The assertion is a direct consequence of Brezzi’s saddle-point theory [6]; also see [7, 11] for application in the current context. Under the stability condition (19), the Galerkin approximations obtained by Problem 1 thus always lead to quasi-optimal error estimates with respect to the chosen approximation spaces. Two particular examples of Galerkin approximations will be discussed below.

Discrete torque computation and energy balance

Mimicking the formula (14) for the torque obtained on the continuous level, it seems natural to define the discretized approximation of the torque as

$$\begin{aligned} T_{h,N}(\alpha ) := \biggl\langle \lambda _{h}, \frac{d}{d\theta } a_{h,R} \circ \rho _{-\alpha } \biggr\rangle _{\Gamma }. \end{aligned}$$

The torque computation for a given angle α thus only requires the solution of one magnetostatic interface problem (16)–(18) for this specific angle. With the same reasoning as on the continuous level, we obtain the following result.

Lemma 2

Let \((a_{h,S},a_{h,R},\lambda _{N})\) denote a solution of (16)(18). Then

$$\begin{aligned} \frac{d}{d\alpha } E(\alpha _{h,S},\alpha _{h,R}) = \bigl(j_{e},a'_{h,S} \bigr)_{ \Omega _{S}} - T_{h,N} \end{aligned}$$

with discrete torque \(T_{h,N}\) defined by the formula (20).

This assertion illustrates that the electro-magneto-mechanic energy balance holds exactly also on the discrete level.

Alternative representation and smooth dependence on α

If the space \(M_{N}\) of discrete Lagrange multipliers consists of sufficiently smooth functions, we may express the discrete torque equivalently as

$$\begin{aligned} T_{h,N} = - \biggl\langle \frac{d}{d\theta } \lambda _{N} \circ \rho _{ \alpha }, a_{h,R} \biggr\rangle _{\Gamma }. \end{aligned}$$

By a recursive argument, one can then show the following result.

Lemma 3

Let \(M_{N}\) consist of \(k-1\) times continuously differentiable functions. Then the solution \((a_{S},a_{R},\lambda _{N})\) is k times differentiable with respect to α.

A proof of this assertion follows from the algebraic structure of the discretized problem; see the end of the next section.

Harmonic mortar discretizations

As a particular choice of a Galerkin approximation, we now consider the following choice of spaces: \(V_{h,S}\) and \(V_{h,R}\) are standard \(H^{1}\)-conforming finite element spaces [5] over appropriate triangulations of the stator and rotor domain \(\Omega _{S}\) and \(\Omega _{R}\). Note that no conformity of the mesh across the interface is required. For approximation of the Lagrange multipliers, we consider the space

$$\begin{aligned} M_{N} = \Biggl\{ \mu _{N}(x_{\theta }) = \frac{c_{0}}{2} + \sum_{n=1}^{N} c_{n} \cos (n \theta ) + d_{n} \sin (n \theta ) : c_{n}, d_{n} \in \mathbb {R}\Biggr\} \end{aligned}$$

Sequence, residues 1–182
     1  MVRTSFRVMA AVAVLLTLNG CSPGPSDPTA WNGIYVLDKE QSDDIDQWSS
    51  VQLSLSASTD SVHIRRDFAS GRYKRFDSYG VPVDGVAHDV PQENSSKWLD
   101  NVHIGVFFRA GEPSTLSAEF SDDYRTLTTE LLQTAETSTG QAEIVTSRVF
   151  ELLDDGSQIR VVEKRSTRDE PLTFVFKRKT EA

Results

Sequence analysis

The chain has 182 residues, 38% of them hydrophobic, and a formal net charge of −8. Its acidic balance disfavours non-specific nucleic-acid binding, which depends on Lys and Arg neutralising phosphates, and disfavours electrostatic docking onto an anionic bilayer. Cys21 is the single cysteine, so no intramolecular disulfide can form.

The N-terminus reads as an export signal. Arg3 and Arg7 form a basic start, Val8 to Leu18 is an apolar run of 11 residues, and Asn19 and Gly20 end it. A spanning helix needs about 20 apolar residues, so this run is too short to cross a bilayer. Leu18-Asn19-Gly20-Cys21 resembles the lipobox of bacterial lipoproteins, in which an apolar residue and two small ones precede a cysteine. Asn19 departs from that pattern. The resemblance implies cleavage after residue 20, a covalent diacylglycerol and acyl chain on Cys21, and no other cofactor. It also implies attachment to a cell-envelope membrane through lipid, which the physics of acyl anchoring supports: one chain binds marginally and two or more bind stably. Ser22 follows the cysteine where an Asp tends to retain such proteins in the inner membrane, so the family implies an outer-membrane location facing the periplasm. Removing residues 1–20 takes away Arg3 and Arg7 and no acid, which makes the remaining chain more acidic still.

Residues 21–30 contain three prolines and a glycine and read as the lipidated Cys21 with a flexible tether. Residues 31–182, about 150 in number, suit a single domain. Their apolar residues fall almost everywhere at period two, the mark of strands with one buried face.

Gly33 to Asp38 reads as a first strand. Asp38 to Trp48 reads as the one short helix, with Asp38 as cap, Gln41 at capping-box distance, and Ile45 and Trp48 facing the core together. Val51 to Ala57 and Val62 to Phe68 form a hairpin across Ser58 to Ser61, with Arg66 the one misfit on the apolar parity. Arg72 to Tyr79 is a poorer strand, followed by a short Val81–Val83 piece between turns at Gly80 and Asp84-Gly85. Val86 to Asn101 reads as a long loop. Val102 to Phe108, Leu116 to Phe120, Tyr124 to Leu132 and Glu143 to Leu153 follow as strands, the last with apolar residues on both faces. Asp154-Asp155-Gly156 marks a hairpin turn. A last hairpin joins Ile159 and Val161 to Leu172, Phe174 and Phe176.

of trigonometric polynomials of degree ≤N.

Remark 2

As shown in [11], the inf-sup condition (19) holds true, if N is chosen not too large. As a rule of thumb, N must not exceed the number of degrees of freedom in \(V_{h,S}\) and \(V_{h,R}\) associated to the interface Γ. For a finite element approximation on a quasi-uniform mesh and with fixed polynomial degree p, stability can thus be guaranteed for \(N \lesssim h^{-1} p\); see [11, Theorem 1]. Similar results hold for isogeometric methods for the stator and rotor domains [3, 8]. Following the considerations of the previous section, both methods allow for a torque computation consistent with a discrete energy conservation principle.

Implementation of the harmonic mortar finite element method

In the following, we discuss some details concerning the implementation of the harmonic mortar finite element method outlined above. As we will see, the use of trigonometric polynomials for the discrete Lagrange multipliers brings advantages also for the numerical realization.

After choosing appropriate basis functions for the finite element subspaces \(V_{h,S}\), \(V_{h,N}\) and the trigonometric polynomials in \(M_{N}\), the discrete variational problem (16)–(18) can be turned into a linear system

$$\begin{aligned}& K_{S} a_{S}(\alpha ) +B_{S}^{\top } \lambda ( \alpha ) = {J_{e}} , \end{aligned}$$
$$\begin{aligned}& K_{R} a_{R}(\alpha ) -B_{R}(\alpha )^{\top }\lambda (\alpha ) = {J_{M}} , \end{aligned}$$
$$\begin{aligned}& B_{S} a_{S}(\alpha ) - B_{R}(\alpha ) a_{R}(\alpha )= 0. \end{aligned}$$

The source vectors \(J_{e}\) and \(J_{M}\) and the matrices \(K_{S}\), \(K_{R}\) and \(B_{S}\) are independent of the angle α, whereas \(B_{R}\) and hence also the solution vectors \(a_{S}\), \(a_{R}\) and λ depend on the rotation angle. For the harmonic mortar, the entries of the coupling matrix \(B_{R}(\alpha )\) can be computed by the following expressions